This isn’t the church. This isn’t the church. Somebody said to me, there was one of these that was called ‘Grace Church,’ and they said, Does it bother you that they use the name ‘grace?’ And I said no, it bothers me that they use the word ‘church.’ Because I don’t think they get it. It’s not a biblical understanding of the church.

So what’s gonna happen is, the world has already pulled them that far. It’s pulled them into worldly music, R movies, all that stuff, and eventually I think it will pull them right away from their theology. I think for the time- it, it’s even macho. I think there’s a sense in which reformed theology is kind of strong and manly, you know it’s kind of airtight, and they like that. My fear is that the further this thing goes in trying to accomodate the culture, the less it’s going to be able to hang on to that core doctrine. That’s what I fear. And even when you have some of the people who are the most well known for reformed theology partner up in conferences with the people who are the most extreme pragmatists. I mean, this is happening. Who would have thought that, say, John Piper would have Rick Warren at a Desiring God conference? Those [teachers] seem like two completely polar opposities. So I don’t know that the heart of this reformed theology, kind of existing freestanding like an island, can really survive the pull of the culture which is attracting these young guys, and which these young guys are using to attract people. It isn’t that they’re not expository. It’s a kind of an exposition put in a context that they’re comfortable in, the audience they’re trying to reach.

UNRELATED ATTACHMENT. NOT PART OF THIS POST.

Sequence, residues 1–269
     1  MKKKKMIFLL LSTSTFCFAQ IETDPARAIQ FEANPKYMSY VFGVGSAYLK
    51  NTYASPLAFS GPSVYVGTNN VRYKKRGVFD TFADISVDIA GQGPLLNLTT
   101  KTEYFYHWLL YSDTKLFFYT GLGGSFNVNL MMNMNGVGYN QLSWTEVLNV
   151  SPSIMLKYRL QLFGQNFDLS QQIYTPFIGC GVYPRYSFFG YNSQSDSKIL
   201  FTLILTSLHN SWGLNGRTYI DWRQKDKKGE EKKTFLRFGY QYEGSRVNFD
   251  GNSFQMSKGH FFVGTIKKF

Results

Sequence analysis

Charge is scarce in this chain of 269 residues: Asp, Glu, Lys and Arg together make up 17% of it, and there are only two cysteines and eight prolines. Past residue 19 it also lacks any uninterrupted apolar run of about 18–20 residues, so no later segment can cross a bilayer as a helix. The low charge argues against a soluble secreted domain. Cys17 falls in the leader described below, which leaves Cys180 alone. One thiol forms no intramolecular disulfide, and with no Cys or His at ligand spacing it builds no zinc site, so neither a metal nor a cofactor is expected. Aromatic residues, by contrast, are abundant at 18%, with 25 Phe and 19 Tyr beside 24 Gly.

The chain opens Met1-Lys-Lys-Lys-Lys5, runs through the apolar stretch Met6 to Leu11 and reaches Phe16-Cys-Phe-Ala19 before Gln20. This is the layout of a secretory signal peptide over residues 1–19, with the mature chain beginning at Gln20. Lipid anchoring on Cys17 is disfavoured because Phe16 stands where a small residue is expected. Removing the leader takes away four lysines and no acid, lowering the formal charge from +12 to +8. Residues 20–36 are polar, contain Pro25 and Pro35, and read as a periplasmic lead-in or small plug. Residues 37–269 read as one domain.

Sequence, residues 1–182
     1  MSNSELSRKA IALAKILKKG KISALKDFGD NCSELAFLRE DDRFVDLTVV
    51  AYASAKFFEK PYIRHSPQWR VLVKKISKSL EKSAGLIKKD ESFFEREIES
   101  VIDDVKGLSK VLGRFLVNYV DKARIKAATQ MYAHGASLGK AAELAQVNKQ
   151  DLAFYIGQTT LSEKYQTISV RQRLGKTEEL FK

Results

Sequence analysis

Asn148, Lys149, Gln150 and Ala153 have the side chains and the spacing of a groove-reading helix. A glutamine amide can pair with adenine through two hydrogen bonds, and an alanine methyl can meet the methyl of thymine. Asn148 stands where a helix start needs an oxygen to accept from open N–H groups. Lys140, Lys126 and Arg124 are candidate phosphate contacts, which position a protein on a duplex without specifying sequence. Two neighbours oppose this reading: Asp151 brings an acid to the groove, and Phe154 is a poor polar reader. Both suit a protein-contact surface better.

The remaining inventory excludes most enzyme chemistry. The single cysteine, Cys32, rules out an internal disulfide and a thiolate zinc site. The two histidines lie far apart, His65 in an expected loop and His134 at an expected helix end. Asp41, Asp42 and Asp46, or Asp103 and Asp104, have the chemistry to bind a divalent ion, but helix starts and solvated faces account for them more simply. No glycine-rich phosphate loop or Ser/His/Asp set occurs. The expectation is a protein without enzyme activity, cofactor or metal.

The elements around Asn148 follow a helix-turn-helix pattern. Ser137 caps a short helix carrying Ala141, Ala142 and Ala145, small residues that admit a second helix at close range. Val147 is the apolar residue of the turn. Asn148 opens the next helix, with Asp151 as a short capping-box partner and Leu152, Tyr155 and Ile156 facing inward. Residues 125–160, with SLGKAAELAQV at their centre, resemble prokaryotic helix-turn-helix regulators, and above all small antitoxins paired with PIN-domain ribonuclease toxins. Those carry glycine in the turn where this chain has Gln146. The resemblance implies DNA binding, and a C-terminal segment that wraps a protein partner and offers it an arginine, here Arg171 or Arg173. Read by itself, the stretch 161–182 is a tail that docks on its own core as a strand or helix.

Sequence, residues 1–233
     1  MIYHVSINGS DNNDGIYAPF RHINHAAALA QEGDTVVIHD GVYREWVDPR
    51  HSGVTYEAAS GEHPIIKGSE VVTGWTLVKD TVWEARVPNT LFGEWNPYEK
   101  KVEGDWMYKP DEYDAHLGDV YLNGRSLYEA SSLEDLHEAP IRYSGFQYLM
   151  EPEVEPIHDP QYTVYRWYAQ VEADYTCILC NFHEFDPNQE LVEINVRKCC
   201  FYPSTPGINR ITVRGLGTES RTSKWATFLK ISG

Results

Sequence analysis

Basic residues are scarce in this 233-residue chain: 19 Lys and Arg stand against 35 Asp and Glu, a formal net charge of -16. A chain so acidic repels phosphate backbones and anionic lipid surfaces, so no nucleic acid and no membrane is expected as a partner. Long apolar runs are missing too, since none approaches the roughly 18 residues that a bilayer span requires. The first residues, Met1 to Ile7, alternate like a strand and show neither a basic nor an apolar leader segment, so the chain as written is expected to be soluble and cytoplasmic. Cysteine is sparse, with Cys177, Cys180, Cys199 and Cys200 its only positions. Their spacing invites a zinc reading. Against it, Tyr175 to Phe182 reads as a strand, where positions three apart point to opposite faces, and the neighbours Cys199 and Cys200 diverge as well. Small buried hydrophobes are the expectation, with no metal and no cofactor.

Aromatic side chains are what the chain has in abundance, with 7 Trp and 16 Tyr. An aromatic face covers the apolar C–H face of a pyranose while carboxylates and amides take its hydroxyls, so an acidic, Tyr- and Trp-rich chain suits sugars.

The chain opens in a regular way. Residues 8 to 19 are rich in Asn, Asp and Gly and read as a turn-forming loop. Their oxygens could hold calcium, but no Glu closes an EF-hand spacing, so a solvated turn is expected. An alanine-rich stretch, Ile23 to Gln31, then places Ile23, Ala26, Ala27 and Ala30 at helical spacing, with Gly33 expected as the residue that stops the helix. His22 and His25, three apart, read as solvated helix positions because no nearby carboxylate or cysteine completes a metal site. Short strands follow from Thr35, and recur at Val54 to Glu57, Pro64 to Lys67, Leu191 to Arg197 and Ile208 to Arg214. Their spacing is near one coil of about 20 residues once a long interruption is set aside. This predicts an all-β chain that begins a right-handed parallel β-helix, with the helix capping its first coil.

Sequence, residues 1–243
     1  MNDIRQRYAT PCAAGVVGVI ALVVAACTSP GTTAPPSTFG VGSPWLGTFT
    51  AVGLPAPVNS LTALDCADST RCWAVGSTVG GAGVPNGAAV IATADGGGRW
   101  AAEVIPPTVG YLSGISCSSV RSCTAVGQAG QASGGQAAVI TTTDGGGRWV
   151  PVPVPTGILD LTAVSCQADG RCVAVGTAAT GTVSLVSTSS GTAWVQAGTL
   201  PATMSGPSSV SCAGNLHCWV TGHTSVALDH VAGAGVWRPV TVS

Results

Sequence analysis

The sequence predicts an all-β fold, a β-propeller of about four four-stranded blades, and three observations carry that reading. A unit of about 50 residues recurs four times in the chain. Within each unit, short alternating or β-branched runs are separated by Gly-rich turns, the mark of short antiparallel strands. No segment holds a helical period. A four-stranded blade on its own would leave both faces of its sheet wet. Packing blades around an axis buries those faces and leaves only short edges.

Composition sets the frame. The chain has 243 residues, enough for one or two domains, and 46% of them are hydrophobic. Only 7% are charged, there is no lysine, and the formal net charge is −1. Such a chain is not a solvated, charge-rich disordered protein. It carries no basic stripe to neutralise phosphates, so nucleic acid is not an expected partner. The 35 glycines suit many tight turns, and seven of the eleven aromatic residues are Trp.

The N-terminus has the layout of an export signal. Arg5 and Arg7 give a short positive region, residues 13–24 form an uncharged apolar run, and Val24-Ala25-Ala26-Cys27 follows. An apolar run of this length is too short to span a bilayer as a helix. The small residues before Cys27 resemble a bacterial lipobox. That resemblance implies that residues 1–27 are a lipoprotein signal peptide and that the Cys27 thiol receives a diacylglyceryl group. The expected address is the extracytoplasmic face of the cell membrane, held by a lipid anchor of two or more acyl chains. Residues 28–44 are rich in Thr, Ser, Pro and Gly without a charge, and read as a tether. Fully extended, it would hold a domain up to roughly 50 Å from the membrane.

So I don’t know what the future looks like, I just think there’s a lot of Arminianism mixed in to this, [the thinking] that you’re not going to reach them unless you adapt this. And I think it’s hard to say to that group of people: Hate yourself, hate your own life, hate all the things that are precious to you and come be a slave of Jesus. I don’t know how that message would fly. But that is the message.

Part two

John MacArthur: “Don’t Go To A ‘Flat Screen Church’.”

From a discussion with Editor Alex Crain and Grace To You‘s John MacArthur, discussing Dr. MacArthur’s 2011 book Slave: The Hidden Truth about Your Identity in Christ. editor Alex Crain: If you could just take a quick glance across the landscape of evangelicalism in the United States, what do the next five to twenty-five years look like to you, based on what you see in ministries and methods, and what are your concerns?